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JAN 31, 2024

Lower Trap Workout: Top Exercises for Strong Shoulders

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Read time: 7 minutes

When honing robust shoulders you’ve got to think beyond just improving those deltoids. Often overlooked but equally important, the lower trapezius muscle contributes significantly to your shoulder strength and overall upper body fitness aesthetics. That’s why we’ve put together a deep dive on Lower Trap Workouts, unveiling the most effective exercises for chiseling your shoulder shape while improving functionality, promoting better posture, and enhancing your upper body aesthetics.

Strengthening Lower Trap Muscles

Lower traps (short for trapezius muscles if you want to show off to your friends) are often overlooked when it comes to shoulder and back strength. Strengthening these muscles is crucial for maintaining a stable and mobile shoulder blade - and neglecting them can lead to increased injury risks in other exercises. As such, your exercise selection is key to targeting these lower traps effectively.

Here are some of the most effective exercises to include in your lower trap workout routine:

  • Pull-Up Variations

  • Rowing Movements

Pull-Up Variations

We all know pull-ups are great for your arms and overall upper body but they also engage the lower traps when performed correctly. Here are some variations that will help activate your lower traps:

  • Wide-grip pull-ups: A wider grip requires more scapular retraction, which activates your lower traps.

  • Scapular pull-ups: These are typically performed as part of a warm-up or activation drill before pull-up training. The focus here should be on retracting just your shoulder blades.

  • Archer pull-ups: By leaning towards one side while pulling up, you create an extra load on one arm and side of your back, forcing your lower trap to work harder to maintain proper shoulder stability.

However, it's essential to master basic pull-up forms before moving on to these variations.W Why? Well, otherwise, you risk losing out on the benefits while putting yourself at risk of injury. Start by focusing on a strict form with a full range of motion - elbows locked out at the bottom and chin over the bar at the top.

Rowing Movements

The lower traps make up an essential muscle group that stabilizes the shoulder blade while providing overall back support. Therefore, it's so important to incorporate exercises that target this muscle group into your training regimen. One effective way of achieving this is through rowing movements.

  • Dumbbell rows are a perfect example of a rowing movement that helps hit the lower traps. The motion involved in the exercise involves retracting the scapulae towards the spine, which strengthens the lower trapezius muscles, leading to enhanced shoulder stability.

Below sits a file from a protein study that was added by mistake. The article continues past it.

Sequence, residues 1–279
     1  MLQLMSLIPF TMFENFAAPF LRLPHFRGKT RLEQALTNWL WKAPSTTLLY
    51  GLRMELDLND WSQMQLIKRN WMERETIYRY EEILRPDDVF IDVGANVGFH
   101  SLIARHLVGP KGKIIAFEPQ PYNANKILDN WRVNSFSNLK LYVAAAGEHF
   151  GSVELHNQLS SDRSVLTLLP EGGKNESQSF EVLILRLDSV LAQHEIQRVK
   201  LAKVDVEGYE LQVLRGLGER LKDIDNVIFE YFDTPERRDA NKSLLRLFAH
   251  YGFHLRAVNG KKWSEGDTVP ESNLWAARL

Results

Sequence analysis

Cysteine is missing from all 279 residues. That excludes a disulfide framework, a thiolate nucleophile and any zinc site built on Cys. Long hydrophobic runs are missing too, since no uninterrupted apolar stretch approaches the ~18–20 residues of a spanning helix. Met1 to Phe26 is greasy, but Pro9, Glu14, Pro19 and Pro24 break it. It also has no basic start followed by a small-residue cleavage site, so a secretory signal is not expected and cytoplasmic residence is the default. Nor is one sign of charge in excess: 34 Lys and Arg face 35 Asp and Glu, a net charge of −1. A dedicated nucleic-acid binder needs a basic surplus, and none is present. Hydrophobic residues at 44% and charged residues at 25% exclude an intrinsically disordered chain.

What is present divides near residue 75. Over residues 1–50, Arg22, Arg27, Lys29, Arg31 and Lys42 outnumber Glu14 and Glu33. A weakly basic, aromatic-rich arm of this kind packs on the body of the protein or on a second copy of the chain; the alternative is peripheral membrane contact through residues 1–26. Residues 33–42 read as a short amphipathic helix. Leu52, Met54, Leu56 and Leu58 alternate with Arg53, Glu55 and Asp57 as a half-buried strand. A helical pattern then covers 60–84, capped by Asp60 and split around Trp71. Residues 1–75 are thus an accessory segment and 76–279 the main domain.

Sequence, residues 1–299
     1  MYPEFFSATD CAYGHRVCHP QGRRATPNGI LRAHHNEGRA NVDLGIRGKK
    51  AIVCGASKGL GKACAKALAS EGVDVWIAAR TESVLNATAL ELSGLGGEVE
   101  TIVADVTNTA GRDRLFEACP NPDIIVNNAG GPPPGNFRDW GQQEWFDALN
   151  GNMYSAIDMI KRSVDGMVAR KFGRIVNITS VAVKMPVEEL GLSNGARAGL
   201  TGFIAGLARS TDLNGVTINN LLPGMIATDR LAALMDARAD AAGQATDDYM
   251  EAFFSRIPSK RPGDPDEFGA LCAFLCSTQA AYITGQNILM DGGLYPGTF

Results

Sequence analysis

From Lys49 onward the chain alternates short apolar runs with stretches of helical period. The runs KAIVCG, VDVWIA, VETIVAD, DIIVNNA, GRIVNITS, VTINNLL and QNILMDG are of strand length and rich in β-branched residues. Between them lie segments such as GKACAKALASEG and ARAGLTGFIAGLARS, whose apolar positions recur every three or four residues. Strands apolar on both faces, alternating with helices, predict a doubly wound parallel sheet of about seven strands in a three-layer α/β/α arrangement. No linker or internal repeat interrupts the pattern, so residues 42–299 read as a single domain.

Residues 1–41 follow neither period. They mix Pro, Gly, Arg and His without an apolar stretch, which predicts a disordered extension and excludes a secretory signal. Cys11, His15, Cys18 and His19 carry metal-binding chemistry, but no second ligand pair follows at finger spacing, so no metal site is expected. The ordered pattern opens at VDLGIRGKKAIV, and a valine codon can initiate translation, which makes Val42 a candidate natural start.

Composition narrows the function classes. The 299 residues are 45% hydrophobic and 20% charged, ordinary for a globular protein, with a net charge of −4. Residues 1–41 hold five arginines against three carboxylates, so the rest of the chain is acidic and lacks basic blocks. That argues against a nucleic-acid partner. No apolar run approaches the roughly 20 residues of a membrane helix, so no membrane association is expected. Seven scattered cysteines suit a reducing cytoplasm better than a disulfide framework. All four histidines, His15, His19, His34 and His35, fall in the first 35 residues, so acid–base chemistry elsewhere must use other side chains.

Bent-Over Barbell Rows

Feet shoulder-width apart and should be placed beneath the barbell. Hinge hips back with torso parallel to the floor and grasp bar with an overhand grip. Pull the barbell towards your chest while ensuring your elbows stay close to your body.

T-Bar Rows

Stand facing a loaded T-Bar Machine with feet shoulder-width apart and grip handles attached. Bend at the waist with legs straight, then lift the T-bar towards the chest by retracting shoulder blades before slowly lowering the T-bar.

Close-Grip Lat Pulldowns

Start by gripping handles attached to the lat pull-down machine at shoulder width, then pull handles downwards until they touch the sternum, ensuring elbows are close to the body, then pause before raising the weight back up.


While rowing movements help primarily activate the lower traps, you may need targeted isolation exercises for maximum results.

Stabilizing Lower Traps Through Isolation Exercises

Isolation exercises aim to hit specific muscles rather than working on larger groups simultaneously. They take you through controlled movements to hone specific parts of muscles like the rotator cuff or external obliques. With isolated trap exercises, only smaller regions of muscle fibers are engaged in comparison to compound movements such as upright rows or shrugs.

  • Face pulls are one of the most effective isolation exercises for lower trap development. This exercise involves pulling a rope or cable attachment towards the face with arms extended retracting the shoulder blades towards the spine.

Other recommended exercises include:

  1. Band pull-apart

  2. Prone Trap Raise

  3. Scaption and Y Raise

These exercises help activate and strengthen parts of the lower traps often neglected by other training strategies, ensuring they remain strong and stable.

Full Body Exercises Involving Lower Traps

The scapular pull is an excellent exercise to strengthen your lower traps while also helping improve posture.

  • Begin by lying flat on your stomach and lifting your arms above your head.

  • Ensure your palms face downwards, touching the sides of your temples.